Ahead of its summit in Davos this week, the World Economic Forum published its Global Risks Report 2016, in which it warned that most of the world’s economies are underestimating the potential effect of cyber attacks on businesses – and their economies.
According to the report, only eight countries have rated cyber risks as their highest priority: Estonia, Germany, Japan, Malaysia, the Netherlands, Singapore, Switzerland and the US.
As the WEF explains: “Although organizations may recognize the benefit of cyber technologies for their bottom lines, they may not be fully internalizing cyber security risks and making the appropriate level of investment to enhance operational risk management and strengthen organizational resilience.”
Businesses exhibit poor understanding of cyber risk
The report goes on to consider the difficulties faced by businesses when identifying and mitigating the ever-widening array of cyber risks they face.
“Attempts to detect and address attacks”, it explains, “are made harder by their constantly evolving nature, as perpetrators quickly find new ways of executing them. Businesses trying to match this speed in their development of prevention and response methods are sometimes constrained by a poor understanding of the risk, a lack of technical talent, and inadequate security capabilities.”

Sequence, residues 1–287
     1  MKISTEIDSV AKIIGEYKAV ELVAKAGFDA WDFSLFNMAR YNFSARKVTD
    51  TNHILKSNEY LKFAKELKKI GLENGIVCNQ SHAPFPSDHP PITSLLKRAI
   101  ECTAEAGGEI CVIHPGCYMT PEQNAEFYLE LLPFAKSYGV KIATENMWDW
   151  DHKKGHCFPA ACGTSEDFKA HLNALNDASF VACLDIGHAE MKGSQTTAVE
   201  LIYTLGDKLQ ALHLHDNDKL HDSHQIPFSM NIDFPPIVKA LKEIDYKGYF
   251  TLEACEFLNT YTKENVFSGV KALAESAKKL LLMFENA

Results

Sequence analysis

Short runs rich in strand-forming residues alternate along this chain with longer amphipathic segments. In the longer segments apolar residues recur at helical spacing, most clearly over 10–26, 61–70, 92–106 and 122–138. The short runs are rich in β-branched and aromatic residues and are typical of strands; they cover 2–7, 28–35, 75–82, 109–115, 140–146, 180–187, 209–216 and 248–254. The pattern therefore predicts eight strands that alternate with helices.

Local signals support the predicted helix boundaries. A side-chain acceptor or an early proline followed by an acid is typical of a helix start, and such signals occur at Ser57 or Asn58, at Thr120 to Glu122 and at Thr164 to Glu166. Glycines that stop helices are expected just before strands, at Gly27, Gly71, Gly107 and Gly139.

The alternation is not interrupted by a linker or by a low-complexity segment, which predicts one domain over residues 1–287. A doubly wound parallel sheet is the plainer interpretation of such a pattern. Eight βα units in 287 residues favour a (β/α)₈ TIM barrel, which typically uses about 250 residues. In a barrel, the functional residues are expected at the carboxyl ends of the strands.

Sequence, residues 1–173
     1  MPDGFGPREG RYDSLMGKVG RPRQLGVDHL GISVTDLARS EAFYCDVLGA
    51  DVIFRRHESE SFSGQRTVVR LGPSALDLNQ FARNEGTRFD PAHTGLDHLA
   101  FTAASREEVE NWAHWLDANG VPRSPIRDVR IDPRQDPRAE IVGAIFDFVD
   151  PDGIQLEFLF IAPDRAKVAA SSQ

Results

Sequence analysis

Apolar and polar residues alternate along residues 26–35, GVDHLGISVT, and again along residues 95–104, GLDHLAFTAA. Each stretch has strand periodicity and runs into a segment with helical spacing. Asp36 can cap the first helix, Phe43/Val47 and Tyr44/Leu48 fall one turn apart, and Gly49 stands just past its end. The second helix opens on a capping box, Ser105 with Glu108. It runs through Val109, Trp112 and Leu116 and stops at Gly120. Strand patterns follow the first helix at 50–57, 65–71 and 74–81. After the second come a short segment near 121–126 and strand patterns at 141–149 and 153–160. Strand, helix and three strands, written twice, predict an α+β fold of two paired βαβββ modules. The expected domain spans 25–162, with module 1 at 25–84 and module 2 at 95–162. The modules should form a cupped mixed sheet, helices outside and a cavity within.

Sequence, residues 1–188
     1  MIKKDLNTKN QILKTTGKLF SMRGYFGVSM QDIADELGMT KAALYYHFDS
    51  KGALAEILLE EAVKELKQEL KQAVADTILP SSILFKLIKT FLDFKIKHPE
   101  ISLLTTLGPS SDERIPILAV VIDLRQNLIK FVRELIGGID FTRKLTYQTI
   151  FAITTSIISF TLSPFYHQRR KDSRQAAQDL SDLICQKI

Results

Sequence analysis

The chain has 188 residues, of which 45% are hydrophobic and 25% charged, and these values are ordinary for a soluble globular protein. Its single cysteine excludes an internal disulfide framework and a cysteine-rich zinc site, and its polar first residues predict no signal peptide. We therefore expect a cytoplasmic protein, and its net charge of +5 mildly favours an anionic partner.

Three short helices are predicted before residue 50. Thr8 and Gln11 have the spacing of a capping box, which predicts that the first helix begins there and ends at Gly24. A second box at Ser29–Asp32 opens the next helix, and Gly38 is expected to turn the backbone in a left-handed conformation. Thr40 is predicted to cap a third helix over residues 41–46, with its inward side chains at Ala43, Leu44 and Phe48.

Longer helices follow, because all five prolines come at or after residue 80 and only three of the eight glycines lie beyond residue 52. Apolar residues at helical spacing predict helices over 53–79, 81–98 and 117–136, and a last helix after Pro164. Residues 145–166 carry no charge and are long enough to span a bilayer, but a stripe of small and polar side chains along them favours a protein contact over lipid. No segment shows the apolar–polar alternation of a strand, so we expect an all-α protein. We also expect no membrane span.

The WEF concludes: “Businesses need to strengthen their resilience to ensure continued operation and survival in the face of risks.”
A best-practice approach to cyber risk management
The international standard ISO 27001 sets out a best-practice approach to cyber risk management that can be adopted by all organisations. Encompassing people, processes and technology, ISO 27001’s enterprise-wide approach to cyber security is tailored to the outcomes of regular risk assessments so that organisations can mitigate the cyber risks they actually face in the most cost-effective and efficient way.
Independently audited certification to the Standard demonstrates to investors, stakeholders, customers and staff that information security best practice is being followed. This approach can also be applied throughout the supply chain: once your ISMS has been certified to the Standard, you can insist that third-party contractors and suppliers also achieve certification.
According to the latest ISO Survey, there was a 17.6% growth in the number of ISO 27001 certificates in the UK last year. As more and more organisations seek to implement best-practice information security practices based on the Standard, an ISO 27001 qualification is something that IT executives, compliance managers and management systems professionals can no longer afford to be without. Book a place on one of IT Governance’s ISO 27001 training courses now to start 2016 with the best chance of increasing your earning potential.